Introducing The Kesagami River
The Kesagami isn’t just any whitewater river. Through it’s 35-kilometer whitewater section, it plunges 200-meters in a series of raging rapids, thundering waterfalls, and a plethora of portages before emptying into James Bay. I paddled this remote river and a stretch of the James Bay coast all alone. Over the next few weeks, I’ll share the adventure with you through a 16-part video series where I’ll cover the the skills, tips, and tricks I used along the way. Everything from shooting, lining, wading, and portaging whitewater, to preparing fish over the fire and, when necessity calls, treating nasty burns in the wilderness. Stay tuned, it’s going to be a great run!
Tent: Think simple, dependable and waterproof. You want an easy-to-erect dome-style tent with a fly that covers the entire tent. I brought the Eureka Taron 2.
Canoe: You’ll need an expedition-grade canoe that can wrap around a mid-rapid boulder, then bounce back into shape. Choose an all-around hull design, such as that of the traditional prospector canoe. On the Kesagami, I used a 15′ Novacraft Prospector made of Royalex. Unfortunately though, Royalex is no longer manufactured. Nova Craft is currently leading the charge with a new, expedition-grade material called TuffStuff. Other new materials are set to reach the market in the near future.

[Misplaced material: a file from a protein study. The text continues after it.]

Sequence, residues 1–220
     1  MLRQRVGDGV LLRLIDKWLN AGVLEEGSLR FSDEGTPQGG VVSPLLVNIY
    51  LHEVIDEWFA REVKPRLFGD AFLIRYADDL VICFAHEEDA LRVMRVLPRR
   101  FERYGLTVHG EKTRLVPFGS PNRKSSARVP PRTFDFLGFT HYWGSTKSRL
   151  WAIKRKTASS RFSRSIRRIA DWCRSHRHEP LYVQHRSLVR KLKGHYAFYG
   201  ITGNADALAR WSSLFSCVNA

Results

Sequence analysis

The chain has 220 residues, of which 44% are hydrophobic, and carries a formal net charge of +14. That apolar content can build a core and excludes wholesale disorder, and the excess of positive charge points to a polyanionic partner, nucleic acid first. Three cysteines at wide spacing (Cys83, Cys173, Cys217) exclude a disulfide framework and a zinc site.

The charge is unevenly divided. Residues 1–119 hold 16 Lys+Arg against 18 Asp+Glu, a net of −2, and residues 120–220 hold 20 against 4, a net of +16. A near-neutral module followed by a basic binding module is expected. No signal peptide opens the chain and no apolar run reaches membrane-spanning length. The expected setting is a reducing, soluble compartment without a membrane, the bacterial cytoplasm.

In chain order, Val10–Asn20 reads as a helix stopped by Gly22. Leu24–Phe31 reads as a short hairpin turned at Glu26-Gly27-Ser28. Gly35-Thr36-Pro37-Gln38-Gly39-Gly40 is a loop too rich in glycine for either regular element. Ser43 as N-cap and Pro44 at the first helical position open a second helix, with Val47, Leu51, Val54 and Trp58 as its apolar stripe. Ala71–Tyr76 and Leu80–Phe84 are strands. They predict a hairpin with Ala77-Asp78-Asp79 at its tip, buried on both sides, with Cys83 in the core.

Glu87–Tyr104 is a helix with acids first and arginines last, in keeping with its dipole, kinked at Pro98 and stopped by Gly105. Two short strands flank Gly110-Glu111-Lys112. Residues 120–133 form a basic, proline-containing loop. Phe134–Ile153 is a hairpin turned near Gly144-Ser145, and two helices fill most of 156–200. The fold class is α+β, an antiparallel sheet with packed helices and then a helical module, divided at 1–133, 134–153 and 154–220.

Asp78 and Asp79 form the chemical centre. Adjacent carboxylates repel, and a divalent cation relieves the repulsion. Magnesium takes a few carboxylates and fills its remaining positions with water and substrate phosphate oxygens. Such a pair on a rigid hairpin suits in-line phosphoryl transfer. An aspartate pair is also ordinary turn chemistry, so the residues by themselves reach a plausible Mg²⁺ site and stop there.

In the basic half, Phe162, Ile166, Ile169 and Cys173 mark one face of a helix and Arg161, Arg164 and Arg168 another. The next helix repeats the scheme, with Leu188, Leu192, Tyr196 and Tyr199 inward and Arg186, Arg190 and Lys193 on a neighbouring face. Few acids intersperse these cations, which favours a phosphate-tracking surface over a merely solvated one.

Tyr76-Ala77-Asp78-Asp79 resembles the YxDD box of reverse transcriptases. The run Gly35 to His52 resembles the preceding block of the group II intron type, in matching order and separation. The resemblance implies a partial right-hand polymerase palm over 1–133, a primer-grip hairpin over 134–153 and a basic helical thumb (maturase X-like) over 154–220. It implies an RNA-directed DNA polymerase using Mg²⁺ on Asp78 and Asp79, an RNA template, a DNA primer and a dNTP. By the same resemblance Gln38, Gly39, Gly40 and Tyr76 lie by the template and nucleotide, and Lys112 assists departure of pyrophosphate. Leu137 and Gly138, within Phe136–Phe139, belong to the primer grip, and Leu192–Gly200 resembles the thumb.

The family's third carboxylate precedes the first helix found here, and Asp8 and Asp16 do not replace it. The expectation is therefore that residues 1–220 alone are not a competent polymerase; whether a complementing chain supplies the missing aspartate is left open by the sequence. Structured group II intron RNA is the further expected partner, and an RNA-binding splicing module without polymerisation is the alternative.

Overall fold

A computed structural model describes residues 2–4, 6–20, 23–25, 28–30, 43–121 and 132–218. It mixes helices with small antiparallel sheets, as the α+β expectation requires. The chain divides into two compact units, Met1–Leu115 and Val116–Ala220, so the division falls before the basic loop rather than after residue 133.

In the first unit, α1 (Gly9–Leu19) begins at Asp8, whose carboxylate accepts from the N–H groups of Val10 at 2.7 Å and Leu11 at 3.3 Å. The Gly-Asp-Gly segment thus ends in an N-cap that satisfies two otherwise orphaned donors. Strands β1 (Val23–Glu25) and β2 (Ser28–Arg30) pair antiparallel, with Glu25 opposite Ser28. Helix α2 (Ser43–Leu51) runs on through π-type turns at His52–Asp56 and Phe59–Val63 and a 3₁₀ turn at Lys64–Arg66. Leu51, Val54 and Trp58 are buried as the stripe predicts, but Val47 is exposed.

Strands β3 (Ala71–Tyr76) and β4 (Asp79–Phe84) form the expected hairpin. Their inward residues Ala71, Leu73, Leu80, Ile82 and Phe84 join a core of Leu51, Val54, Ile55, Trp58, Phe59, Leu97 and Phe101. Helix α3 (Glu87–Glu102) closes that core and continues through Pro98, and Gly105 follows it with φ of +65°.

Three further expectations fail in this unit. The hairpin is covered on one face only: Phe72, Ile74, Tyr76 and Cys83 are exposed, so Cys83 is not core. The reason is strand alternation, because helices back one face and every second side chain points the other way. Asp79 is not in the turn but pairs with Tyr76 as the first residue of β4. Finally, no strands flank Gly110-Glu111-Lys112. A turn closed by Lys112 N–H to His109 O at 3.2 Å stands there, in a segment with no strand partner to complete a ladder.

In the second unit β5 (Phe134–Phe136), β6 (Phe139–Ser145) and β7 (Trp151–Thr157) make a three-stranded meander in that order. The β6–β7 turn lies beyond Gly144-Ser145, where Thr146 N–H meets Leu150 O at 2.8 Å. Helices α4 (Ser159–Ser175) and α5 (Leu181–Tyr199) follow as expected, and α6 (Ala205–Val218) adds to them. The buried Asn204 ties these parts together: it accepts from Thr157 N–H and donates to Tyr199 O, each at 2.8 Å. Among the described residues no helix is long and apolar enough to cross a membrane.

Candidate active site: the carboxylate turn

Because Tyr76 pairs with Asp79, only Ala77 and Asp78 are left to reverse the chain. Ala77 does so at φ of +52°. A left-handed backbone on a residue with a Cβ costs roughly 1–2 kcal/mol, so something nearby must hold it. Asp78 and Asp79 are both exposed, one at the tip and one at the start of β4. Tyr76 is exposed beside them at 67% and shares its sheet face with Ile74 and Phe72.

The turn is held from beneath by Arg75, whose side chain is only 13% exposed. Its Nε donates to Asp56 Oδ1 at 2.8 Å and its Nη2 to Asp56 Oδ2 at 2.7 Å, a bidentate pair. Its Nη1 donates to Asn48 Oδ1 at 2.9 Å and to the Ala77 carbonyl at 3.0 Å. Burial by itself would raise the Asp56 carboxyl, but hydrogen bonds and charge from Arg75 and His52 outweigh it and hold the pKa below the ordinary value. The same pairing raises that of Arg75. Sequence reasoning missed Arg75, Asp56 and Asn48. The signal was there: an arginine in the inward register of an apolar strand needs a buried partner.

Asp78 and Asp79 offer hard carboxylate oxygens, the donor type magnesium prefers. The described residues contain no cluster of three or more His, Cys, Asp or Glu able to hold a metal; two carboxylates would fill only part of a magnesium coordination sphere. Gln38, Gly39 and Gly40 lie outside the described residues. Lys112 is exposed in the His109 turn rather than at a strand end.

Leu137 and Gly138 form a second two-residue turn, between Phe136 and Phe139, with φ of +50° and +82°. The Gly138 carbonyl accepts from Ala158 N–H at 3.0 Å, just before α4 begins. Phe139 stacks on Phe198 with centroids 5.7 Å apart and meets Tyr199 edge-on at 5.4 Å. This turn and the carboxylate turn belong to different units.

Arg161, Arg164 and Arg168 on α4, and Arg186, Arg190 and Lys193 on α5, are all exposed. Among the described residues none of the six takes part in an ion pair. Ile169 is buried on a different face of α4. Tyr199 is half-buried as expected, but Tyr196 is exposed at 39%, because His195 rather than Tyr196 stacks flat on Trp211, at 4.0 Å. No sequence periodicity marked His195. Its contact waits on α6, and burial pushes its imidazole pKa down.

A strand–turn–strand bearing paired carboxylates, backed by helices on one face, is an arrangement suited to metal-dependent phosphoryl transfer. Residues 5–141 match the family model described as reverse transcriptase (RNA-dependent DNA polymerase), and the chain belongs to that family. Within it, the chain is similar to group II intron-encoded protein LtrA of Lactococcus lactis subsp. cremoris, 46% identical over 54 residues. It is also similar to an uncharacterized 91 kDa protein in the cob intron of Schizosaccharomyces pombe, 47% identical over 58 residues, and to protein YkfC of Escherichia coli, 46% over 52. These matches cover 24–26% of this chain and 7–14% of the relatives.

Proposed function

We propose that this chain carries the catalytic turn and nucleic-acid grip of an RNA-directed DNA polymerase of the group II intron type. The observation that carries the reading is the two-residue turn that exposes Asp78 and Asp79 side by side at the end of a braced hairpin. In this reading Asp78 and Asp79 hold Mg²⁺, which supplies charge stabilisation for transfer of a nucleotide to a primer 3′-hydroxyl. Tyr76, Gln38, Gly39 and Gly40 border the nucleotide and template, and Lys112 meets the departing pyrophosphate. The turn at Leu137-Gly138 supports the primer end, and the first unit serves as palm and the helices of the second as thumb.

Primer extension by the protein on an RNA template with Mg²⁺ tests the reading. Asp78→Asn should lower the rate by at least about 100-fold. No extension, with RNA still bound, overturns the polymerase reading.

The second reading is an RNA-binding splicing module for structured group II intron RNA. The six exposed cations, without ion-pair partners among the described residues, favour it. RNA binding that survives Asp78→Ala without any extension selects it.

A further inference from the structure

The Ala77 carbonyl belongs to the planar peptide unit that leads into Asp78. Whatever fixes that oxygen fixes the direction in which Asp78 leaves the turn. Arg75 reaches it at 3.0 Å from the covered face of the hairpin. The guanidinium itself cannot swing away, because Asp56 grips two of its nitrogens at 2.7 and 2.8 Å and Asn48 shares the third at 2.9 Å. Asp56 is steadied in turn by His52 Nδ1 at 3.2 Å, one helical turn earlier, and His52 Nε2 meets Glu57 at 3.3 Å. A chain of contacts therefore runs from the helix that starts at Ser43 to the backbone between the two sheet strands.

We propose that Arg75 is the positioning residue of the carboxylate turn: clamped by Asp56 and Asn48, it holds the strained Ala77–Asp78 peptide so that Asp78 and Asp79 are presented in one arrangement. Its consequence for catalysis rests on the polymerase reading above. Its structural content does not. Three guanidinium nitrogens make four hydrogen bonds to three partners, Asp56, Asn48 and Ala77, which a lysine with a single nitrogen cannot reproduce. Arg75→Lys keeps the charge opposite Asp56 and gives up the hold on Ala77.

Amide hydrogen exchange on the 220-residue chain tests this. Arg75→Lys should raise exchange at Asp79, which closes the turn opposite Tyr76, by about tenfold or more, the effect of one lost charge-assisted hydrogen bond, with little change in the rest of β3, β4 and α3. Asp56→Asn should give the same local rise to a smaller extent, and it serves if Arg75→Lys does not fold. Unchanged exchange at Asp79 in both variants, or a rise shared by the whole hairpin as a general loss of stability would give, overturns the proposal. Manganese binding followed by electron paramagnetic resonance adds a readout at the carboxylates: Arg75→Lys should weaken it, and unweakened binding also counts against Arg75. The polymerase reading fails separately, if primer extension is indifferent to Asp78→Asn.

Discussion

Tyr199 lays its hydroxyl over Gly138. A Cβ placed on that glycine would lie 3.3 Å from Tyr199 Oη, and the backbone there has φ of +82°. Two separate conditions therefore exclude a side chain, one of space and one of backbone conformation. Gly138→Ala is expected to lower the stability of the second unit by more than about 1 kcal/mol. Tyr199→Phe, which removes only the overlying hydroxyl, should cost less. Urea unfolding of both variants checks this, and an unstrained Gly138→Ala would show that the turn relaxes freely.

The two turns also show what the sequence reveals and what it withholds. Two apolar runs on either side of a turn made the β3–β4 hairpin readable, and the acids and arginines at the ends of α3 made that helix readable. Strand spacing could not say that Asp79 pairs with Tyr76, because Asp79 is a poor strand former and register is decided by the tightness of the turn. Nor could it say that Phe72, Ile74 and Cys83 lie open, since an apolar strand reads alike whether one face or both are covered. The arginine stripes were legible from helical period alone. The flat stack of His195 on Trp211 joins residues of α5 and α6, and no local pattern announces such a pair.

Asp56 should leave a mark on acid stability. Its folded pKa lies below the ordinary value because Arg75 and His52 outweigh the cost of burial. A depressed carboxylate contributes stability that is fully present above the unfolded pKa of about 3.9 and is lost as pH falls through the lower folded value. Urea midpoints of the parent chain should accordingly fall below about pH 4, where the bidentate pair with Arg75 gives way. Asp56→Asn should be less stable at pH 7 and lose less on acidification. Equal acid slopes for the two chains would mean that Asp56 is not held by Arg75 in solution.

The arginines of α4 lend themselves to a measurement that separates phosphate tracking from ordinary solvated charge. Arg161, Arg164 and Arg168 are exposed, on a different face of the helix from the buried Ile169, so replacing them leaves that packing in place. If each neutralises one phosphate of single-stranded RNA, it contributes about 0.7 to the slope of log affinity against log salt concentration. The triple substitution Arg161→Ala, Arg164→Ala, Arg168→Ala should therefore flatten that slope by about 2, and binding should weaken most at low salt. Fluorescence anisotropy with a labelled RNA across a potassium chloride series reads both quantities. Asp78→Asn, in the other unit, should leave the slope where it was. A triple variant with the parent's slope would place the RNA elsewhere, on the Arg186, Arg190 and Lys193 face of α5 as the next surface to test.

Paddles: Bring a long whitewater paddle and a shorter, multi-purpose paddle. I like the Grey Owl Hammerhead for whitewater and a Carlisle Outfitter for flat-water. Should I loose the Hammerhead in a rapid, the Outfitter would double as whitewater paddle.
Food barrel: This protects your food from animals, impact and moisture. Plus, it floats, even when fully loaded, shoulder straps are sold separately.
Large dry bag: This is where you keep your clothes, tent, sleeping bag and ground pad. For extended trips, you’ll need one with shoulder straps that holds more than 100 liters. I like the Eureka Canoe Pack SS 115.
Small dry bag: Get a smaller, 20 or 30-litre dry bag to store things you may need to access quickly, such as your first-aid kit or sunglasses. Note: Don’t buy one of the clear ones because they puncture too easily.
Maps and compass: Use 1:50,000 scale Topo Canada maps and a modern, liquid-filled, orienteering style compass. I recommend the Brunton TruArc or Silva Ranger. I also bring 1:250,000 topographic maps for my route which I keep waterproofed in my survival pack.
Lighters: Since a fire source is so crucial, I bring at least five lighters: one in my emergency kit, one in my pocket, one in my jacket pocket in a plastic bag and one in each of my dry bags.